S.Marco - Venice
St Mark`s Basilica
The first St Mark's was a temporary building in the Doge’s Palace, constructed in 828, when Venetian merchants stole the supposed relics of Saint Mark the Evangelist from Alexandria. This was replaced by a new church on its present site in 832; from the same century dates the first St Mark's Campanile (bell tower). The new church was burned in a rebellion in 976, rebuilt in 978 and again to form the basis of the present basilica since 1063. The basilica was consecrated in 1094, the same year in which the body of Saint Mark was supposedly rediscovered in a pillar by Vitale Falier, doge at the time. The building also incorporates a low tower (now housing St Mark’s Treasure), believed by some to have been part of the original Doge's Palace. Within the first half of the 13th century the narthex and the new façade were constructed, most of the mosaics were completed and the domes were covered with higher wooden, lead-covered domes in order to blend in with the Gothic architecture of the redesigned Doge's Palace.
The exterior of the basilica is divided in three registers: lower, upper, domes. In the lower register of the façade five round-arched portals, enveloped by polychrome marble columns, open into the narthex through bronze-fashioned doors. Above the central door round three bas-relief cycles of Romanesque art. The external cycle frames a 19th century gilded mosaic (Last Judgment) that replaced a damaged one with the same subject (during the centuries many mosaics had to be replaced inside and outside the basilica, but subjects were never changed). Mosaics about St Mark relics’ stories are in the lunettes of the lateral portals; the first on the left is the only one in the façade preserved from the 13th century. In the upper register, from the top of ogee arches, statues of Theological and Cardinal Virtues, four Warrior Saints and St Mark watch over the city. Above the large central window of the façade, under St Mark, the Winged Lion (his symbol) holds the book quoting 'Pax Tibi Marce Evangelista Meus' . In the lunettes of the lateral ogee arches are four gilded mosaics renewed in the 17th century. In the center of the balcony the Roman Horses face the square.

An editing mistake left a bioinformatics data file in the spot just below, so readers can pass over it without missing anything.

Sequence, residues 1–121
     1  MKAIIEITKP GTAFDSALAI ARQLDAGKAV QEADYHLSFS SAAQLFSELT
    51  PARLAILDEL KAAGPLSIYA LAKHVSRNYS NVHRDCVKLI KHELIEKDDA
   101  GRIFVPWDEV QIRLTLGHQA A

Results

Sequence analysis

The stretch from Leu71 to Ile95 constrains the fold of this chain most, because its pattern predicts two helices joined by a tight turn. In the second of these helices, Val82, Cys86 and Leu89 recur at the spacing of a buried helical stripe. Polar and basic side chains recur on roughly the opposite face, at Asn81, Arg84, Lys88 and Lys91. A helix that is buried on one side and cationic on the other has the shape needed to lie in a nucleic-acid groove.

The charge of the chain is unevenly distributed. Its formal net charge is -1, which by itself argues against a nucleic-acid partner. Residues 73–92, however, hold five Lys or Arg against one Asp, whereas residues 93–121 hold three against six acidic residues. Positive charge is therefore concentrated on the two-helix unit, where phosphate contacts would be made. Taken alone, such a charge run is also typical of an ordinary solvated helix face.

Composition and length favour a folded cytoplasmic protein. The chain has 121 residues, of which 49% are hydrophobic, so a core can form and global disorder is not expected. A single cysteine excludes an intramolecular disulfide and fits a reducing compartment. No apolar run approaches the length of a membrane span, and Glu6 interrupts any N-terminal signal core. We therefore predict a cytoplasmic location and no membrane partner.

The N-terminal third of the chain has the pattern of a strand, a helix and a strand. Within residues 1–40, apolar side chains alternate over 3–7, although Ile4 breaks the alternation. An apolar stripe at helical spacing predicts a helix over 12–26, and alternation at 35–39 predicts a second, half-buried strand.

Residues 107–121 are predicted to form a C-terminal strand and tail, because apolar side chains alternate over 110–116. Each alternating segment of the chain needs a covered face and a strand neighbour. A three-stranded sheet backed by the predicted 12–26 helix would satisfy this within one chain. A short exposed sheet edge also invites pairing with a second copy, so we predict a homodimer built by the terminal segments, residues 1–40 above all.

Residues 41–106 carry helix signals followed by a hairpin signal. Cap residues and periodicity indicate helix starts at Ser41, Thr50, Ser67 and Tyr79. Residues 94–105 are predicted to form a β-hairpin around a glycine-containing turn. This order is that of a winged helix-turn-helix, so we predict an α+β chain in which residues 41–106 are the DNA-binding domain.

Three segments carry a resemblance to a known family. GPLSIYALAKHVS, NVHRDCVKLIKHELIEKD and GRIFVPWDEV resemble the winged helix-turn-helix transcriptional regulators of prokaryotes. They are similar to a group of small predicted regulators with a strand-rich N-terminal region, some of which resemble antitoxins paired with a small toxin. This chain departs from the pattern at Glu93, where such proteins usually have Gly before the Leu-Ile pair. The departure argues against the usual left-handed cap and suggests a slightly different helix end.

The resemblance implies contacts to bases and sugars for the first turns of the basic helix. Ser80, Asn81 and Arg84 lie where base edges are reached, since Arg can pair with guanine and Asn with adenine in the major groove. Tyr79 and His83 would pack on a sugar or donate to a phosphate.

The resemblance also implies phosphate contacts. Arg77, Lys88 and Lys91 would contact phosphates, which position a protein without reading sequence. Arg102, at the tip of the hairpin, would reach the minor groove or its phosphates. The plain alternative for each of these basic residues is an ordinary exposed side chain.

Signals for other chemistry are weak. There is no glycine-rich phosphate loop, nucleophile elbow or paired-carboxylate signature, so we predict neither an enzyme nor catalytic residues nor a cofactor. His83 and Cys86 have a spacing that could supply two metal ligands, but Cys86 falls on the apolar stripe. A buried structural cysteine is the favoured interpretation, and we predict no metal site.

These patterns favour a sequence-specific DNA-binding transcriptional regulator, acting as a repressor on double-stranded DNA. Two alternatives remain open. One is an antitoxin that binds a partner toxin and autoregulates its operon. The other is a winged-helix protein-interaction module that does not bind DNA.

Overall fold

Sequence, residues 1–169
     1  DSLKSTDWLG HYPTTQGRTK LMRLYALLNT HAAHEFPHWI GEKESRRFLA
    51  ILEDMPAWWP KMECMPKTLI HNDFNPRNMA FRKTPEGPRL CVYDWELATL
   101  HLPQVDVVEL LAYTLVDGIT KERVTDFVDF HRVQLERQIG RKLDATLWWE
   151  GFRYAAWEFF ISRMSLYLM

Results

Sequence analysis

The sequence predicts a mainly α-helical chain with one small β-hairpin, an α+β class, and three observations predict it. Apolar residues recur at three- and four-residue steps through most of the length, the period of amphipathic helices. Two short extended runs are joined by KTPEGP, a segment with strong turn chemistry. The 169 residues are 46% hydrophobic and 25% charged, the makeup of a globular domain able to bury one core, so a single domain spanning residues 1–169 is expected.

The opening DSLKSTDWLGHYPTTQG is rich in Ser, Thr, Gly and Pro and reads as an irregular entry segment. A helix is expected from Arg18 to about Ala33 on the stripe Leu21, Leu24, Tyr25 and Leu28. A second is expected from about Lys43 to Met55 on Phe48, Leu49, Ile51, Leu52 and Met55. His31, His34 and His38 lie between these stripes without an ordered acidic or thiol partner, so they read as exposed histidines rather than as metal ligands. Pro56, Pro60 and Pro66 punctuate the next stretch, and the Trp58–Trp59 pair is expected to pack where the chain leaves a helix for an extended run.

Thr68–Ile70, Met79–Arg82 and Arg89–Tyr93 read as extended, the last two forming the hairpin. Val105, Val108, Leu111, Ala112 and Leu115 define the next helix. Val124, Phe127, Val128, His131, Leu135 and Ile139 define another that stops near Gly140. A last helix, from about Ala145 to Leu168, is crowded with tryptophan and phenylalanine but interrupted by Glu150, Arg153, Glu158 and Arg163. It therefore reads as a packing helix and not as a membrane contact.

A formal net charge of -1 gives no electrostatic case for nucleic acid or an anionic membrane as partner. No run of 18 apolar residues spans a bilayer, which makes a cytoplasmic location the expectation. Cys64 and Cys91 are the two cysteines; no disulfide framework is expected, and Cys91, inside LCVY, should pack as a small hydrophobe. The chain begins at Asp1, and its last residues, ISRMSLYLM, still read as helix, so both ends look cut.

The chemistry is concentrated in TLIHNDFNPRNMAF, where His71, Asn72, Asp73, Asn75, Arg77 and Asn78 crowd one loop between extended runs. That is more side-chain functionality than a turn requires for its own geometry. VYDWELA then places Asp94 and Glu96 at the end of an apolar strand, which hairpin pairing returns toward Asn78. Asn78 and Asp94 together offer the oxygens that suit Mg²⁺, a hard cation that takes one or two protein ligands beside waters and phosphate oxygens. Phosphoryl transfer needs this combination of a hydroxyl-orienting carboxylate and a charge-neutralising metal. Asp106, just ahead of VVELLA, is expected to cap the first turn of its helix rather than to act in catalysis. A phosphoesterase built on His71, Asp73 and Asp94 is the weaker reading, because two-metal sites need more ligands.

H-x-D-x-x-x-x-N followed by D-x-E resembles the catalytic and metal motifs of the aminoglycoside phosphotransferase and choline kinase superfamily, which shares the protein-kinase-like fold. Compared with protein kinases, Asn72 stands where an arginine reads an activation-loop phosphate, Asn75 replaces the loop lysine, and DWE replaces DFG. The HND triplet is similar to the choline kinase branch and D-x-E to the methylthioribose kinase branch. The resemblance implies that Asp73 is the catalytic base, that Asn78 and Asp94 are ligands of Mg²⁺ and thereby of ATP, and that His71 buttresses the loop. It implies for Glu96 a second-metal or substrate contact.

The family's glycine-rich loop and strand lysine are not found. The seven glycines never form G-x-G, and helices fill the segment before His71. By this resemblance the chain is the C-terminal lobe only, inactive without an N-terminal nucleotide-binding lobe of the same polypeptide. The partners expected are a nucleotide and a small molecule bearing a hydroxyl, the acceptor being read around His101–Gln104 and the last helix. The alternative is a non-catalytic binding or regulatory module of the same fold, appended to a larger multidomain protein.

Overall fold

The Greek Horses
The Horses of Saint Mark were installed on the basilica in about 1254. They date to Classical Antiquity; by some accounts they once adorned the Arch of Trajan. The horses were long displayed at the Hippodrome of Constantinople, and in 1204 Doge Enrico Dandolo sent them back to Venice as part of the loot sacked from Constantinople in the Fourth Crusade. They were brought to Paris by Napoleon in 1797 but returned to Venice in 1815. After a long restoration, since the 1990s they have been kept in St Mark’s Museum (inside the basilica). The horses now on the facade of the cathedral are bronze replicas.
The interior is based on a Greek cross, with each arm divided in three naves and emphasized by a dome of its own. This is based on Justinian's Basilica of the Apostles in Constantinople. The marble floor (1100s, but underwent many restorations) is entirely tessellated in geometric patterns and animal designs. The techniques used were opus sectile and opus tessellatum. The lower register of walls and pillars is completely covered with polychrome marble slabs. The transition between the lower and the upper register is delimited all around the basilica by passageways which largely substituted the former galleries.
Venice guide museums - San Marco Basilica - St Mark's Basilica - the Doge’s Palace